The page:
It’s not so much about grudgingly ‘accepting’ your imperfection. The imperfection IS the brightest point of you. The light shines through the crack and that’s what makes it beautiful. You are more desirable for your flaws.
You’ll be grateful for things you have – Gratitude is an art that must be practiced to master. Your imperfections are a reminder of the world around you being in perfect order. Just as it should be. No matter how imperfect you see your life to be, there are a million things that you will still have to be grateful for. Just by being grateful for even the smallest things in life you will realize the overwhelming magnanimity of it. Gratitude has a magical power, the power of positivity that can transform your life from being imperfect to be meaningful and worthy.
You mundane will become exciting – Imagine a life that’s perfect. The marriage works fine, the finances are in control, the kids are bright and well-behaved, the boss is awesome, the paycheck exceeds your expectations, you’re in your best shape, and there is no mortgage. Sounds like a life you’ve been dreaming of? Well, rest assured, you will want your imperfect life back after the initial bliss fades. There is something about a messy life that makes it liveable. Mundane, how much ever perfect, is boring. Screaming kids, overdue bills, a broken ankle, a messy home are what make life (im)perfectly beautiful. It keeps us alive, breathing, wanting and hoping.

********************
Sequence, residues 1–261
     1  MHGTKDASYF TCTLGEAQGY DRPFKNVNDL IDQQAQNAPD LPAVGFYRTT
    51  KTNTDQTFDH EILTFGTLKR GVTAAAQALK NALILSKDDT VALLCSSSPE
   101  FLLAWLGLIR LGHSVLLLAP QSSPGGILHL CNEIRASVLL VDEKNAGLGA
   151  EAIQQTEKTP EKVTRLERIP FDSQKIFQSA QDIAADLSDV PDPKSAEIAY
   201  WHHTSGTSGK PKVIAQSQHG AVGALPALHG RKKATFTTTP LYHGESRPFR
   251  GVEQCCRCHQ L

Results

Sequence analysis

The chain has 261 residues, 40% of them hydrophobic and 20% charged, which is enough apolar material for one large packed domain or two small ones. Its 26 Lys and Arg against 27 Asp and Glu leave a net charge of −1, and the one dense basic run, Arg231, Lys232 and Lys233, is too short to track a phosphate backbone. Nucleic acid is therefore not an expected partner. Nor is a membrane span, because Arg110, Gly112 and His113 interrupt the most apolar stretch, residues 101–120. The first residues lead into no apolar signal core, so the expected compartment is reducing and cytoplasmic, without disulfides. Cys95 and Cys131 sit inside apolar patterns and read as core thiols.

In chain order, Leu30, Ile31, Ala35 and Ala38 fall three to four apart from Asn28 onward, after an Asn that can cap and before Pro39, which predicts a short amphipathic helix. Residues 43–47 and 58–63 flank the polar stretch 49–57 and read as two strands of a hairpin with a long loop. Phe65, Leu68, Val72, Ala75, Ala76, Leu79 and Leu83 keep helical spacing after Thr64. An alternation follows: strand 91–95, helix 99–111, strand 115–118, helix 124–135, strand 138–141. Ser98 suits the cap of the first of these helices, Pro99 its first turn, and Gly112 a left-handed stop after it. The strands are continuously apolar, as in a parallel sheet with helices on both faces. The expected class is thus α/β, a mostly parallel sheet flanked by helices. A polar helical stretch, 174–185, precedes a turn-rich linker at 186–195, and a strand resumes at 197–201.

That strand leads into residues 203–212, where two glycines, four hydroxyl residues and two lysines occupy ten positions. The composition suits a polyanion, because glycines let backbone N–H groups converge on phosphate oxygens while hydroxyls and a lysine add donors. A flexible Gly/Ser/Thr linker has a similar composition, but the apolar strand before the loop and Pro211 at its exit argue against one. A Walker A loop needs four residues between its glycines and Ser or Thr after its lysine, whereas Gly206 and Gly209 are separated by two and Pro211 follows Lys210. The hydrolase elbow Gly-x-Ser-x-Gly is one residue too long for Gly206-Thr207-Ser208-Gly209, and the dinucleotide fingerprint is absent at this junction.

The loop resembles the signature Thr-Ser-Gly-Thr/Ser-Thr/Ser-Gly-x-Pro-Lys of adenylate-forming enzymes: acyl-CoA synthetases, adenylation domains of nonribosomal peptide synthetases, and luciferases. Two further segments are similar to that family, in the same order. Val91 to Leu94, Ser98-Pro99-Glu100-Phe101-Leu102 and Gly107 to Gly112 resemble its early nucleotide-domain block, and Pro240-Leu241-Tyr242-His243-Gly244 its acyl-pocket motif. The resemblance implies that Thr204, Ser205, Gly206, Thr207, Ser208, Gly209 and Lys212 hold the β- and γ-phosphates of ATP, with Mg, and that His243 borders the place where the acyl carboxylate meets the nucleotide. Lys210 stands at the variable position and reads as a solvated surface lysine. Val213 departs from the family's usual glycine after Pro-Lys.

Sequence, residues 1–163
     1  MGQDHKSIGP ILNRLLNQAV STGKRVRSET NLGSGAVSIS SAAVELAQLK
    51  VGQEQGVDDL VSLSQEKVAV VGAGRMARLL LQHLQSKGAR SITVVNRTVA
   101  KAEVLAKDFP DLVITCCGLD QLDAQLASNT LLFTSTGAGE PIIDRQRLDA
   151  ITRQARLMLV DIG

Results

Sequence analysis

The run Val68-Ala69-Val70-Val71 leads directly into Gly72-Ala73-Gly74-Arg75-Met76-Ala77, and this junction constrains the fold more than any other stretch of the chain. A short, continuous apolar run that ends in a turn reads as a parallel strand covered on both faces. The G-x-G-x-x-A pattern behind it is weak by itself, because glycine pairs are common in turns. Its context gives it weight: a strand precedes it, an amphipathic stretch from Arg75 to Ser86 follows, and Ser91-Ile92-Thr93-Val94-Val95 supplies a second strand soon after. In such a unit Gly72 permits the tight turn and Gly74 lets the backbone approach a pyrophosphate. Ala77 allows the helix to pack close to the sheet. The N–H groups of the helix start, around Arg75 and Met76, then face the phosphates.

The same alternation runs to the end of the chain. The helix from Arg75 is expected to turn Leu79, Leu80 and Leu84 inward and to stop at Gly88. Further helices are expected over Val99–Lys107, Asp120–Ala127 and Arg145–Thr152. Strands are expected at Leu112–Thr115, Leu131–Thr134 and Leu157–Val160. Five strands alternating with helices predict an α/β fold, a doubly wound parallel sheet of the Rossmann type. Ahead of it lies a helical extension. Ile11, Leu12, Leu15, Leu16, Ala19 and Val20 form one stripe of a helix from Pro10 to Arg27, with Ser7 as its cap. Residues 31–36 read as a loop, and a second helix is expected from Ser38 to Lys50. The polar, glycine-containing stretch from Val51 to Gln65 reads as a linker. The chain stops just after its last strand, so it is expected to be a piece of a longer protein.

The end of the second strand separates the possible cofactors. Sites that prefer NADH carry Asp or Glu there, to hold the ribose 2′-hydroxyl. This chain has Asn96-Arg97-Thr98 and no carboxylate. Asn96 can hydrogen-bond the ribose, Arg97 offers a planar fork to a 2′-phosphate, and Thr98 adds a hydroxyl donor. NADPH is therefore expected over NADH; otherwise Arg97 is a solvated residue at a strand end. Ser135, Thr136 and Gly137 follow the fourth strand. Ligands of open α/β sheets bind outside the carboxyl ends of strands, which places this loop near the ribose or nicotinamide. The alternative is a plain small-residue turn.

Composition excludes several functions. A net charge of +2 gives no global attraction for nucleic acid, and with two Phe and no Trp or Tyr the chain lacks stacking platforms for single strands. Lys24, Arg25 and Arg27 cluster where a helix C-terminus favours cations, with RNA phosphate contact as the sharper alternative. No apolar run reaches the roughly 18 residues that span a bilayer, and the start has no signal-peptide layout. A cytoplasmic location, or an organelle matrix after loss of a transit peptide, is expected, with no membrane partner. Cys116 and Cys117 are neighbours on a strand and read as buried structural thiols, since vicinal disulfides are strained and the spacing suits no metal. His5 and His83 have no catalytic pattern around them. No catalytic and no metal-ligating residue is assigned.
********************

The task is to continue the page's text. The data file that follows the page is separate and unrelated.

You will laugh more – Imperfect things are what jokes are made on, told, re-told, and remembered for years. That time when your alarm failed and you missed the train, that time when you burned the food when you were hoping it to turn out Pinterest worthy, that time when you turned up for someone’s birthday party a day before the party-date and embarrassed yourself are all imperfections that make us laugh and feel silly. If you were perfect, you wouldn’t have built these memories.
You will raise empathetic and functional kids – Parents who are freakingly perfect, judgemental and insanely meticulous parents are stress stimuli for their children. They allow no room for mistakes, failures or imperfections. They grow up without learning the much-needed life skills of managing stress, facing failures, accepting rejection, optimal resource utilization, and being grateful. Letting your kids see you make mistakes and loving yourself despite all imperfections shows them to be real, not hating themselves for failing, to not give up, to feel grateful and to laugh a lot.
After all these years I now know there is a strange kind of addictive beauty in things that are imperfect, impermanent, and incomplete. You’ve got to allow yourself to be imperfect to feel it. Don’t be a hostage of perfection. Set yourself free from the stifling discomfort of being perfect. Being flawed is a beautiful thing.
Happy to be perfectly imperfect!
And its a ‘perfect’ article ..hah ha ! Sorry but true. I have experienced how liberating this can be as I walked off a ‘perfectly’ poised to take-off career in IT that made me more money than most peers and blessed a fancier, much coveted title. Now, much happier with life with my humble pursuits. What author has written has to be genuinely and happily lived, its not merely intellectual fodder !